Briometrix has tackled this issue by developing an accessibility app that takes into account the ability of the user to propel and manoeuvre the wheelchair.
“For me, it’s about normalising the technology for the wheelchair users,” Verdon said. “No-one at the moment is using the wheelchair community to collect the data points to create these maps – these guys make it possible.
“The ideal situation for us would be for everyone in the wheelchair community to download the app and we’ll be downloading all the information and building the maps even faster."
Once a campus map is made, she hopes to enlist the help of wheelchair users in Wollongong to expand the map to the city.
One of those making it possible is Mark Tomkins, a wheelchair user, town planner and disability consultant, who has already made a number of traditional paper maps detailing wheelchair access.
“Because we can’t use stairs, and we’re sensitive to gradients, we have to be a lot more strategic about how we move around the built environment,” Tomkins said.
“We also have to keep in mind that we all have a different ability and fitness level.”
The maps produced by the app are colour-coded for effort–from Black (steep descent) to Purple (coasting), Green (easy level), Orange (incline) and Red (steep climb, may need assistance).
“What makes this app superior is that we are increasingly going digital,” Tomkins said. “The problem with a paper map is that I first have to find the tourist information office to pick it up. If I have the app, it could be as simple as the navigation devices we use every day.”
For the director of the SMART Infrastructure Facility, Professor Pascal Perez, the partnership with Briometrix exemplifies the nature of the Digital Living Lab.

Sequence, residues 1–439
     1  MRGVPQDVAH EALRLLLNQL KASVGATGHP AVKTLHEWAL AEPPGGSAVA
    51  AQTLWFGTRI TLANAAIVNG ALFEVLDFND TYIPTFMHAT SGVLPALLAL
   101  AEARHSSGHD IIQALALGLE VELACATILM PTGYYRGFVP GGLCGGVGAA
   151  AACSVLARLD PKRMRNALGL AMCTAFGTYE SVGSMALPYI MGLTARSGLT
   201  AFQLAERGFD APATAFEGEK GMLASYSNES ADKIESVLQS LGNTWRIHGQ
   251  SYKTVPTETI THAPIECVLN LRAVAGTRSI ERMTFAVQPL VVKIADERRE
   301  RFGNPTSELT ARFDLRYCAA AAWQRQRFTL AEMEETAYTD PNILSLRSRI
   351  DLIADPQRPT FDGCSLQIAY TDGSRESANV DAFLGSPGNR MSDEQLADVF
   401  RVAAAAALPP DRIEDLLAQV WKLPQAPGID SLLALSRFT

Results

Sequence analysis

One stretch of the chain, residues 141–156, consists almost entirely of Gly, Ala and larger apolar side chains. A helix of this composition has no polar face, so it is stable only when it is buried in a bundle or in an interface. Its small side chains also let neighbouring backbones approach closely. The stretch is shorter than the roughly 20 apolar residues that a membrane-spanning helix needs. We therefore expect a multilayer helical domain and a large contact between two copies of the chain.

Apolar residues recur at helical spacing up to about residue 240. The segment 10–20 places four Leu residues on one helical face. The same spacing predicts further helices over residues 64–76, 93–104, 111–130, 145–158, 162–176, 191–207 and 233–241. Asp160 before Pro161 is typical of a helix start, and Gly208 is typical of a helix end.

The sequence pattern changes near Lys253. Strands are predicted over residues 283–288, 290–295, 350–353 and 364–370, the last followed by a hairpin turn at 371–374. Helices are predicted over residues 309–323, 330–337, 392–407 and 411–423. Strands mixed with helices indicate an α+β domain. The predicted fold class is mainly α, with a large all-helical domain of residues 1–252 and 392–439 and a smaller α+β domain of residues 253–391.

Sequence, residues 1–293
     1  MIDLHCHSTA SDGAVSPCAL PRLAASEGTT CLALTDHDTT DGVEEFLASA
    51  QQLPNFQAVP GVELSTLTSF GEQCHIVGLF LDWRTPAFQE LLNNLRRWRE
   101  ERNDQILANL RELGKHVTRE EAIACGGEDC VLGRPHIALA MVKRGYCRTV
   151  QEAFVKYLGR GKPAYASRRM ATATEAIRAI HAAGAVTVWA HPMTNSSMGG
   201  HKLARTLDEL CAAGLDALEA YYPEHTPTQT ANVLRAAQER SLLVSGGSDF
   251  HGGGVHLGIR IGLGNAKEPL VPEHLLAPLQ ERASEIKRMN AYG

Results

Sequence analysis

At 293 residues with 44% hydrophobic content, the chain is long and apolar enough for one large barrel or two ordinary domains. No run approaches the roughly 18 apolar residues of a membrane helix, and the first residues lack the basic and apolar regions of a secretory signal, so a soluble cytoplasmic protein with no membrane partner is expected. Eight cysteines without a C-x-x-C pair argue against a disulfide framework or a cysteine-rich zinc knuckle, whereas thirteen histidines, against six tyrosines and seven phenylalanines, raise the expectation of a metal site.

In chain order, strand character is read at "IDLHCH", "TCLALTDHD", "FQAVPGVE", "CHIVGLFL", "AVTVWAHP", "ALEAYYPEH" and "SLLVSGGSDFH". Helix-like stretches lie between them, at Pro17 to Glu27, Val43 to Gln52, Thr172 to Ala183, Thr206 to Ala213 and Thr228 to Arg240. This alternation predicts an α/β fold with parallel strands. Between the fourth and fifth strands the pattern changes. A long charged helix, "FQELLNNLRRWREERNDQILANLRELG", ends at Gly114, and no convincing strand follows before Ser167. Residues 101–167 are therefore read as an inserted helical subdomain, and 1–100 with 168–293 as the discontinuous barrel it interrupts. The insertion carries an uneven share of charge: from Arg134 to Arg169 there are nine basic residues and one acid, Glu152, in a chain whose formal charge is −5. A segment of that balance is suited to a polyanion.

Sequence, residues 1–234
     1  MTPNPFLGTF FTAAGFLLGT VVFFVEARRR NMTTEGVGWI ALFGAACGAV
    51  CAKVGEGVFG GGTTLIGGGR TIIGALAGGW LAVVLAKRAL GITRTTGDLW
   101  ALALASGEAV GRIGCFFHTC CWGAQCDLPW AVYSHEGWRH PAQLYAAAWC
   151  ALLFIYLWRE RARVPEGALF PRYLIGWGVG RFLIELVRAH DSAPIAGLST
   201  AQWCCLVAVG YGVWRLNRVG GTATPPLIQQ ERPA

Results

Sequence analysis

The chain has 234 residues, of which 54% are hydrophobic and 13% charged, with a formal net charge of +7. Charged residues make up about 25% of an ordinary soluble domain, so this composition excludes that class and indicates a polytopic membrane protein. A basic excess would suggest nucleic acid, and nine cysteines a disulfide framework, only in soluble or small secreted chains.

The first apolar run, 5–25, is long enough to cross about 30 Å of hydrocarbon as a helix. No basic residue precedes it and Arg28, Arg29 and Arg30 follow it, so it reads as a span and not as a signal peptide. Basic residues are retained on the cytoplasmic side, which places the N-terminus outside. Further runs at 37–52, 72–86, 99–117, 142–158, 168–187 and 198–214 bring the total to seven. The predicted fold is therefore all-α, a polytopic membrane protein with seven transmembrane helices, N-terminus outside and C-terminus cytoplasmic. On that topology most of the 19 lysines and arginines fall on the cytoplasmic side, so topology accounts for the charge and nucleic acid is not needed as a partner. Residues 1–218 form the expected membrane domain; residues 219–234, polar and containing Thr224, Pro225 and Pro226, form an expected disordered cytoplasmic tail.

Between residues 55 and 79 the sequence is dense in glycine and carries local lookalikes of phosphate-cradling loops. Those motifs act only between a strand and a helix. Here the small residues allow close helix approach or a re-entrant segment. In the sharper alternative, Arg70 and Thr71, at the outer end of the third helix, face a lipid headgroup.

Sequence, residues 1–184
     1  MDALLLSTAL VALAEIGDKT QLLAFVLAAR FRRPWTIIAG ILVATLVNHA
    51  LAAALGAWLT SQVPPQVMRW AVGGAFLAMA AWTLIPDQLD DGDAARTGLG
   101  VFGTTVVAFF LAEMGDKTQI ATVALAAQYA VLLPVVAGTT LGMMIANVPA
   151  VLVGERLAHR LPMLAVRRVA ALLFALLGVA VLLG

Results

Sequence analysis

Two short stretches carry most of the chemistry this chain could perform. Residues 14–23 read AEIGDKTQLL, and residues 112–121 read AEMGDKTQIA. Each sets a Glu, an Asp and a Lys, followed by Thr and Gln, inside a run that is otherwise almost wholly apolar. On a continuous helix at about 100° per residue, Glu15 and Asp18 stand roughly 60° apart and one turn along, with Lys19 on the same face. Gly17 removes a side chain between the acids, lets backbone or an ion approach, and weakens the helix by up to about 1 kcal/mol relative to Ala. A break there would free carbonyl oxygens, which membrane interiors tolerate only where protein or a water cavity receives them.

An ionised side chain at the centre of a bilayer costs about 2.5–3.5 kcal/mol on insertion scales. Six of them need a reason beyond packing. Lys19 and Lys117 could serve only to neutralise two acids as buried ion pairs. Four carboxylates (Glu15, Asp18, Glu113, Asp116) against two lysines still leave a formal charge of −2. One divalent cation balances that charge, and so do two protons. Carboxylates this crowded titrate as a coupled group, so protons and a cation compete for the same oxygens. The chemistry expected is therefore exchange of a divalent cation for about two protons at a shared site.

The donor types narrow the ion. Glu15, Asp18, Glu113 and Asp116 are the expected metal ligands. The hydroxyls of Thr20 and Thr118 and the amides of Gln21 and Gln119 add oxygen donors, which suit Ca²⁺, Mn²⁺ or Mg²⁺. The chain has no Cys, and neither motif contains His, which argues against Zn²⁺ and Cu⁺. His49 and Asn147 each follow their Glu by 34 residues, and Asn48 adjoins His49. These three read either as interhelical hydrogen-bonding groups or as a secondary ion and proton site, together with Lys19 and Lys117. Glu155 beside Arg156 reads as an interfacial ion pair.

“Smart cities are not just about smart sensing for better urban management and productivity, they are also about empowering communities and improving liveability," he said.
“The smart wheelchair accessibility project brings together crowd-sourcing and smart sensing in order for the users themselves, to create, share and update crucial information that will benefit the whole community and help local authorities to better cater for their needs.”
The Navability App is part of the Digital Living Lab, a growing community of projects designed to create smart cities and increase liveability.
About the Digital Living Lab
The Digital Living Lab is a smart city solution working to improve the quality of life for people in the community. It shares data from sensors throughout the region that address key social and environmental challenges, using Sigfox or other networks. See: digitallivinglab.uow.edu.au.
Briometrix is a start-up that specialises in technology for people who use wheelchairs. The company has developments in navigation, health and fitness, sport, clinical and rehabilitation. Briometrix was awarded the start-up of the year in 2017 Data Innovation Awards. See: briometrix.com.